Diane Bruce

Critical thinking is not a case of simply learning logic, biases, and logical fallacies. It is also how to apply these ideas to the real world. Sadly not enough emphasis is put on working past our
own emotions which can lead to supporting positions that agree with our own ideology rather than the facts.

Galef’s book looks at the various real-life important steps a critical thinker must take to avoid missteps. The ideas she presents are old hat to seasoned critical thinkers but she has collected them all into an easy-to-digest book. She uses the metaphor of the Mind Scout vs. the Soldier, to point out that critical thinking isn’t about always being right (the Soldier); it’s also mapping out the truth as best as one can determine at any moment in time (the Mind Scout).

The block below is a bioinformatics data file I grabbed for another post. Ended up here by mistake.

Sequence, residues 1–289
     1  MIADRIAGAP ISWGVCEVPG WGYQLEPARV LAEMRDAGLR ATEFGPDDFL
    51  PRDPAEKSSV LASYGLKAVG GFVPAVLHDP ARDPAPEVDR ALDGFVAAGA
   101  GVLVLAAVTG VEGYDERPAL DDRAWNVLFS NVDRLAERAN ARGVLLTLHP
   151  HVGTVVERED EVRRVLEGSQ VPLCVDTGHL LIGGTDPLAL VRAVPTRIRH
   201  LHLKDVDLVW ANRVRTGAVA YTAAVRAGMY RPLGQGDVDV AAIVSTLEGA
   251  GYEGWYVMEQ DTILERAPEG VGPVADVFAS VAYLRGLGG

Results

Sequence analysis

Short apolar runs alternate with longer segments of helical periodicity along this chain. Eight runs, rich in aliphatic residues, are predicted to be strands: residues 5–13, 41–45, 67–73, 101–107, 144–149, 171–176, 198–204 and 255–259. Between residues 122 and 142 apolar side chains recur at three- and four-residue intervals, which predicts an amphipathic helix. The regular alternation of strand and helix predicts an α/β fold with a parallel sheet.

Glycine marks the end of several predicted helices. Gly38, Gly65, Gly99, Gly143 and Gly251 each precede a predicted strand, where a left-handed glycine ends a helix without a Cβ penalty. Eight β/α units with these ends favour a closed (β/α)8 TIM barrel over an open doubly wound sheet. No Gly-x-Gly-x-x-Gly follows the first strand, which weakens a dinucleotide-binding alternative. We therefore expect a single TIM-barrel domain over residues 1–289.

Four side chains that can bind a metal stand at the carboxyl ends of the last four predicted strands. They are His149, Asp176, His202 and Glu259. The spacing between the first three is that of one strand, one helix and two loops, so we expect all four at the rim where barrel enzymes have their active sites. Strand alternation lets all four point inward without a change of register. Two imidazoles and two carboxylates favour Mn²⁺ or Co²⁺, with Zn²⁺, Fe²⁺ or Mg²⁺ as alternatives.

It’s a wonder our imperfect brains allow any of us to do any rational thinking at all. But as Galef points out, a critical thinker can use these mistakes to make course corrections in beliefs. In fact some of the key indicators of being a Mind Scout is the ability to tell others when they were right and the ability to re-examine the evidence to prove yourself wrong. Other suggestions are the ability to accept criticism, know your own biases, and finally, know critics who can help you verify your beliefs (or not).

This book, alongside learning basic logic and fallacies, should be required reading in any critical thinking course.